Patient-Based Therapeutics

Many  scientists  believed  a single, effective treatment for all patients was impossible, and instead precise treatments targeting multiple, rare, often genetically defined forms of disease would be required; but AcuraStem is showing how this can be done using its iNeuroRx®  technology platform. This approach leads to treatments that are more likely to be effective and work for all patients, not limited to rare subtypes (e.g. C9ORF72-ALS / FTD).

Patient-Based Therapeutics


There are no good animal models of neurodegenerative diseases such as ALS and FTD. For example, mouse models of TDP-43 pathology (which occurs in ~ 97% of ALS patients and ~ 45% of FTD patients) fail to accurately recapitulate pathology arising from both gain- and loss-of-function of TDP-43.


AcuraStem is an inventor and leader in generating models of individual patients that accurately reflect disease (ALS, FTD and CMT). The model consists of living neurons and supporting cells such as glia and astrocytes in a dish that we can study. The neurons are created from patient samples, such as blood or skin punch biopsies, using AcuraStem’s cellular reprogramming technologies.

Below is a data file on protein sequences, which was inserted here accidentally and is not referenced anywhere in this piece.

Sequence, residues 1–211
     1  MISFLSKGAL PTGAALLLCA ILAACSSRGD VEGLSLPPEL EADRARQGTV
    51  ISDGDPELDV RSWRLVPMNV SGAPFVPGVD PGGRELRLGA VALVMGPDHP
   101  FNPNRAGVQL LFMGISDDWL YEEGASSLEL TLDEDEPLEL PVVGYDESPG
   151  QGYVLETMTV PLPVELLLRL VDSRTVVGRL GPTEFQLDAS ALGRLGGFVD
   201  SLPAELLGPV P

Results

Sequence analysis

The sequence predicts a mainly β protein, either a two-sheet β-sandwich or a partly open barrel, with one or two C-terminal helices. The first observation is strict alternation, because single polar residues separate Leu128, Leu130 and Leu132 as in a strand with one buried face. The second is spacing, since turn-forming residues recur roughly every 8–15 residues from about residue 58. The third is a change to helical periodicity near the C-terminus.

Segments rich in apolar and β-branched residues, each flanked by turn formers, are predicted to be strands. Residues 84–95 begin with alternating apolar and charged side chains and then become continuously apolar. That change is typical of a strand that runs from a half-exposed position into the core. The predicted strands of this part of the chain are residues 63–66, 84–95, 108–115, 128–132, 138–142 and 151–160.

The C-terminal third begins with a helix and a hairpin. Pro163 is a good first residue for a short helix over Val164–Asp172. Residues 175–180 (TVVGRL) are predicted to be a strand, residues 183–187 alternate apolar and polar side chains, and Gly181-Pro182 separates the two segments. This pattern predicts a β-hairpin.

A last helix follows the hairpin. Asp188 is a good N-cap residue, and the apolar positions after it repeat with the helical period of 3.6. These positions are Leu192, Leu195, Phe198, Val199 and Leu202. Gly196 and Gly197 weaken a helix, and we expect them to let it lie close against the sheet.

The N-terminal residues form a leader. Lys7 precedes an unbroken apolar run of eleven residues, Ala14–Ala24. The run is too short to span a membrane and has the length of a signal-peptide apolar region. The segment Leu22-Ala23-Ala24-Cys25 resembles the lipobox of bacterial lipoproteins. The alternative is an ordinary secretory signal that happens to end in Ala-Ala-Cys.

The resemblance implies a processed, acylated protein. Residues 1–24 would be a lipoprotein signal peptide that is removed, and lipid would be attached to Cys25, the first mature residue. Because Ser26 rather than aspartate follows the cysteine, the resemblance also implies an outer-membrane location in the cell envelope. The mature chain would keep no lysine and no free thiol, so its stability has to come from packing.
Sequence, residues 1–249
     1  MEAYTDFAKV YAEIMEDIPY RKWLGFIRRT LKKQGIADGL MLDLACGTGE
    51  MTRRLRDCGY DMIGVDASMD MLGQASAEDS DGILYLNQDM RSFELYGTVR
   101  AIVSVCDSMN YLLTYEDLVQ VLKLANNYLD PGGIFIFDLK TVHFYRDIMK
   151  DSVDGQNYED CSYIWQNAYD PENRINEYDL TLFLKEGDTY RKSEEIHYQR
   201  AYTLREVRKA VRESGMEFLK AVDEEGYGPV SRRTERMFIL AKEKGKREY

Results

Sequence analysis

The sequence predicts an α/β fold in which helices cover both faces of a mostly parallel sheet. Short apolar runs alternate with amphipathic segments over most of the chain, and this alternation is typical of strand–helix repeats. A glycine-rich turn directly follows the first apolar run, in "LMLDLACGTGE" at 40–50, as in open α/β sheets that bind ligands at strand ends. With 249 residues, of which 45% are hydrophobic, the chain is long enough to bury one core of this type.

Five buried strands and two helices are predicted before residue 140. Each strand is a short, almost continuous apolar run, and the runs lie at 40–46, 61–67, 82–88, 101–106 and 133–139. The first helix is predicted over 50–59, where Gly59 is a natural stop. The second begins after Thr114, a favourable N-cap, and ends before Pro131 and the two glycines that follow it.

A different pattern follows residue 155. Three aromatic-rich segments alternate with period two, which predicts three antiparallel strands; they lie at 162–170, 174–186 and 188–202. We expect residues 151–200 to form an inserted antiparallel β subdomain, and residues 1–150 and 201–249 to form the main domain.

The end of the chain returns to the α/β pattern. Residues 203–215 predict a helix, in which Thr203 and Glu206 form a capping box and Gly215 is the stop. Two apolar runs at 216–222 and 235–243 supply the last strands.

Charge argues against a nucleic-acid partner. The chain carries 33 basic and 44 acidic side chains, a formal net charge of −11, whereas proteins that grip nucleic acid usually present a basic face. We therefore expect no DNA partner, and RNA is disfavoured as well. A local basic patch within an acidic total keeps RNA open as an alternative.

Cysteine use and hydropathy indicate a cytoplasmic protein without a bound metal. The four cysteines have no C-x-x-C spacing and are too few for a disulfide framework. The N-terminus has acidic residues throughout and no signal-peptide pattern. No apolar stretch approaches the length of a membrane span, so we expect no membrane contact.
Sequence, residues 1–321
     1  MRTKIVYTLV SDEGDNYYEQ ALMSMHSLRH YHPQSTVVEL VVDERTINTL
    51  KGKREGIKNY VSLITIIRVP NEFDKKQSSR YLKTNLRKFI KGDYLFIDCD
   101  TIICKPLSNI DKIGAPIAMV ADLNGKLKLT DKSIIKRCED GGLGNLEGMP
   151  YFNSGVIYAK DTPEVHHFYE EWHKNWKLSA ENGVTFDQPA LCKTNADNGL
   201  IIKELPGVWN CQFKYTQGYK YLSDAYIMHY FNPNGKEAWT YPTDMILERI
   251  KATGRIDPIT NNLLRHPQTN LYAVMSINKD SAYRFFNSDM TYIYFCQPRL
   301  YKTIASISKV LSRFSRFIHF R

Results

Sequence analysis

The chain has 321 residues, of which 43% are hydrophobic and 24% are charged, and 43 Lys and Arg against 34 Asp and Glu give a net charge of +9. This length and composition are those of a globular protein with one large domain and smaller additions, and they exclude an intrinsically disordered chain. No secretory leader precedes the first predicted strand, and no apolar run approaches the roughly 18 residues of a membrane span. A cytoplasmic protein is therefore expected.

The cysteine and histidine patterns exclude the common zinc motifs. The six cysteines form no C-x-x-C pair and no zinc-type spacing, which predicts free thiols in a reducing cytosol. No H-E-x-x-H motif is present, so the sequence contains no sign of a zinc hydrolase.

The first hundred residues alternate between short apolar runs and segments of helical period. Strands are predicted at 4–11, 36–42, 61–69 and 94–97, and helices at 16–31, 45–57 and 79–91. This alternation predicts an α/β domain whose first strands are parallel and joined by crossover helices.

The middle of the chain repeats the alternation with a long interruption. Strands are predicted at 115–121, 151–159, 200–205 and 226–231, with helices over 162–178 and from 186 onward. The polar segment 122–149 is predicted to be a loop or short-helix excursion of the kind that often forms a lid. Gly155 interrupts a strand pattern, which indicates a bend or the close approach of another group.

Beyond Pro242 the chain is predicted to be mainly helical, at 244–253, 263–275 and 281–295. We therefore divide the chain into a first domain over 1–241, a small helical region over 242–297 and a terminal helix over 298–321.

These patient-specific models accurately reflect key aspects of disease, such RNA processing errors (e.g. in STMN2 or UNC13A), TDP-43 mislocalization from the nucleus to the cytoplasm and neurodegeneration. The problems arise naturally from the patient’s DNA. This is a very different approach from animal models where the pathology is engineered into the mouse. 


We then layer on advanced machine learning and bioinformatics techniques to quantify the features of disease in the model. Now we’re ready to discover new therapeutic targets that can be drugged to restore healthy neuronal function in these patient models.


Next, we scale this up massively and test the target across neurons from many patients, essentially a “clinical-trial-in-a-dish” and see how well the new drug target works across different patient types including sporadic and genetically defined forms of disease.


We also layer on evidence from large scale genetic studies, studies of post-mortem tissue and clinical evidence. Sometimes we start with evidence from our studies and validate with the clinical evidence, and sometimes we do the reverse. 


Once we have selected a therapeutic target, we can make new drugs and optimize the drugs using the patient models. Often small changes in the drug design can make big differences in efficacy in the patient models. 


Mechanism of action studies in the patient models can help us develop target-engagement biomarkers to guide dosing in the clinic, and possibly also provide criteria for a more targeted trial that is more likely to succeed. 

Publications and Presentations